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Spokane, Washington  Est. May 19, 1883
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GSI opposes ballot measure fining rail shipments of oil, coal through Spokane

UPDATED: Tue., Aug. 22, 2017

From staff reports

Greater Spokane Incorporated has officially come out against Proposition 2, a ballot measure that would fine rail shipments of oil and coal through Spokane.

GSI’s board of directors recently voted to oppose the measure, which will be on city voters’ November ballots.

“As the Spokane region’s largest business development organization, GSI is focused on creating a thriving economy, protecting jobs and making our region competitive,” Todd Mielke, GSI’s chief executive, said in a news release. “Adding additional regulations and fees hurts our business community and our economy.”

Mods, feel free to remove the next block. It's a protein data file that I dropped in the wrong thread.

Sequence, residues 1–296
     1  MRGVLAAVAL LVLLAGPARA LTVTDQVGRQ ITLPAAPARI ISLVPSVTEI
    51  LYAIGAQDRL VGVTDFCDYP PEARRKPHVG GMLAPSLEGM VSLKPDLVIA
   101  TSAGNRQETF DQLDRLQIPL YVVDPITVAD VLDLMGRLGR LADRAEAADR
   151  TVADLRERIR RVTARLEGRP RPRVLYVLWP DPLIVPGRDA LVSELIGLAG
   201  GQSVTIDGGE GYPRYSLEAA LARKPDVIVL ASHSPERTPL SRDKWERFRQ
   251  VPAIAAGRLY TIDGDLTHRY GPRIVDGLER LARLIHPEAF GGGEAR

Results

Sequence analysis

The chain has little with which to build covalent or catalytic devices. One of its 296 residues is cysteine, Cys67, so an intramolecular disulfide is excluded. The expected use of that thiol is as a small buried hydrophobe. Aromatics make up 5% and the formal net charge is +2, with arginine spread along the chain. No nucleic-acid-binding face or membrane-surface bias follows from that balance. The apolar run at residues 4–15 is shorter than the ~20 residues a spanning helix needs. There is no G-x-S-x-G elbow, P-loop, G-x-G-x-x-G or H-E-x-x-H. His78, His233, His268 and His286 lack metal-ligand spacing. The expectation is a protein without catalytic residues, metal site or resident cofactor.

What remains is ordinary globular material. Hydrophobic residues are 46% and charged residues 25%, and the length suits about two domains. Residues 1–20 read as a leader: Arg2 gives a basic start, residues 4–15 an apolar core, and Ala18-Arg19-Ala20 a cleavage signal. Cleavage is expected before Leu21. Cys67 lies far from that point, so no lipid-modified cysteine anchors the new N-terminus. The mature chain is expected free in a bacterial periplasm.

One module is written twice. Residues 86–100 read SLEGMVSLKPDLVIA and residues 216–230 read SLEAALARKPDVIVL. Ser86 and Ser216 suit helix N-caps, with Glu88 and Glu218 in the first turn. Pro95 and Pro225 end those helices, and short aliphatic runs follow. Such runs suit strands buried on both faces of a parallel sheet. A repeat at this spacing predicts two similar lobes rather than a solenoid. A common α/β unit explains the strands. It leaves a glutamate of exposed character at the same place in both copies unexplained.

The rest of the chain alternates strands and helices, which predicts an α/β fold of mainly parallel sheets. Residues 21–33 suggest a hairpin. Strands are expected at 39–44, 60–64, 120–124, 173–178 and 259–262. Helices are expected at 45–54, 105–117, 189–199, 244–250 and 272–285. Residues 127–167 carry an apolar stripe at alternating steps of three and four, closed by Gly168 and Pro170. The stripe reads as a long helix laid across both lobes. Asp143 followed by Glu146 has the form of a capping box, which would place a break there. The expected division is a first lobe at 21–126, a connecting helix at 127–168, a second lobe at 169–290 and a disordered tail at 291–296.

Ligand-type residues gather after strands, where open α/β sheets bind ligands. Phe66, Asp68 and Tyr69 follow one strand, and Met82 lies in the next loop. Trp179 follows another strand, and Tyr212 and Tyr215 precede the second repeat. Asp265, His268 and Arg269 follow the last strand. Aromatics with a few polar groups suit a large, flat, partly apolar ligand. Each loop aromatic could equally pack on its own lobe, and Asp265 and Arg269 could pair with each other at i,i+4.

The law would fine the owners of rail cars carrying uncovered coal and oil $261 per car, with an exception made for cargo that has been treated to reduce combustibility.

Mielke said the initiative could also create a costly legal challenge for Spokane, noting the city’s legal counsel was doubtful the fines could be enforced under federal law, which gives federal agencies regulatory authority over freight trains crossing state lines.

Proponents of the measure say it’s a public safety issues for Spokane, where oil and coal trains travel daily through the city. Spokane Councilman Breean Beggs, who provided much of the language for the petition, argues there is a legal window for local governments to regulate rail safety where there is a localized threat and federal agencies have been silent.

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